Campaign Against Racism
Insistance that Census data is discriminatory
By Keila López Alicea
Believing that the results of the 2000 Census had the effect of making the mix of races in Puerto Rico "invisible", a nonprofit organization has taken on the task of informing the public about the most realistic way of answering the population questionnaire that is filled out once every ten years.
The co-director of Ilé, Inc./Organizers for Consciousness-in-Action, María I. Reinat Pumarejo, explained that they launched an awareness campaign that year intended to refute the claim that 80.4% of the residents of Puerto Rico are white.
"Since childhood we're taught that Puerto Ricans are a mix of three races- Taíno, Spanish, and African- so we're not only white. The Census does not represent the reality of Puerto Rico, according to it, we're whiter than the United States and various European countries," said Reinato Pumarejo.
It's because of this that the entity carries out small activities in various town to remind people about their grandmothers. "Regardless of how light your skin is, everyone has that black grandmother, great-grandmother, or great-great-grandmother," said Reinat Pumarejo, echoing that famous saying by the poet Fortunato Vizcarrondo, "¿Y tu agüela, aonde ejtá?".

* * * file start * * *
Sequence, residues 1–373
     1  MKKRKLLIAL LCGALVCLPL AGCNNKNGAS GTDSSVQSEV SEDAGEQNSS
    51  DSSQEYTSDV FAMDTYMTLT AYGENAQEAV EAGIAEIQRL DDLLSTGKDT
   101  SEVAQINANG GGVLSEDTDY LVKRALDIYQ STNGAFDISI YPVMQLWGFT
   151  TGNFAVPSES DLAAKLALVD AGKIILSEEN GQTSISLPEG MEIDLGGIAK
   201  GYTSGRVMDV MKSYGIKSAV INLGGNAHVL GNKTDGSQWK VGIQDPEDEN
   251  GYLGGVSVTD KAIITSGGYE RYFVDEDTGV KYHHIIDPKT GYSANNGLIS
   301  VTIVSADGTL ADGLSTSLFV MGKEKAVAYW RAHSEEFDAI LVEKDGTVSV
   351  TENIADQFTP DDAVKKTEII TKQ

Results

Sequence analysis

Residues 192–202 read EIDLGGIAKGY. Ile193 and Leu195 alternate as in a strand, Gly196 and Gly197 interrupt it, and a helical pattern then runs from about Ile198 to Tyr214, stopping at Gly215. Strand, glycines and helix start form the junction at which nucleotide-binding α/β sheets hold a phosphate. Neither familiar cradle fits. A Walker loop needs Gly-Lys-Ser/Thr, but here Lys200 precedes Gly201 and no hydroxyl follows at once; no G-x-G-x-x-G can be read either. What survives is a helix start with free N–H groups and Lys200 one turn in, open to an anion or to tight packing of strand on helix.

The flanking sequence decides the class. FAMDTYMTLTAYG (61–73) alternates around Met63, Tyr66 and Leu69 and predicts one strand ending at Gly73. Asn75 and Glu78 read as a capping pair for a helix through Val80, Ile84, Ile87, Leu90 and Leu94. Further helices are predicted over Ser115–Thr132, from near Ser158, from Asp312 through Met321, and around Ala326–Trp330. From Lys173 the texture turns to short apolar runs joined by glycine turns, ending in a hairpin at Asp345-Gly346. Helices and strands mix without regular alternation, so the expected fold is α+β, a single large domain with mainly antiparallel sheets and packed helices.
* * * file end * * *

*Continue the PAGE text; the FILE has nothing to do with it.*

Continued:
The community organizer explained that her campaign is aimed at not limiting people to choosing between black or white when filling out their race in the questionnaire. Some of the options Ilé recommends are choosing a combination of the options or filling out the "Other" box with the race with which the person identifies. The latter option was validated by the area manager of the Puerto Rican office of the Bureau of the Census, Fabián Sánchez, who urged citizens to write whatever race they wish.
"What we want is for the Census to properly represent our race and to show that these racial labels don't apply to Puerto Rico," said Reinat Pumarejo.
Source (In Spanish)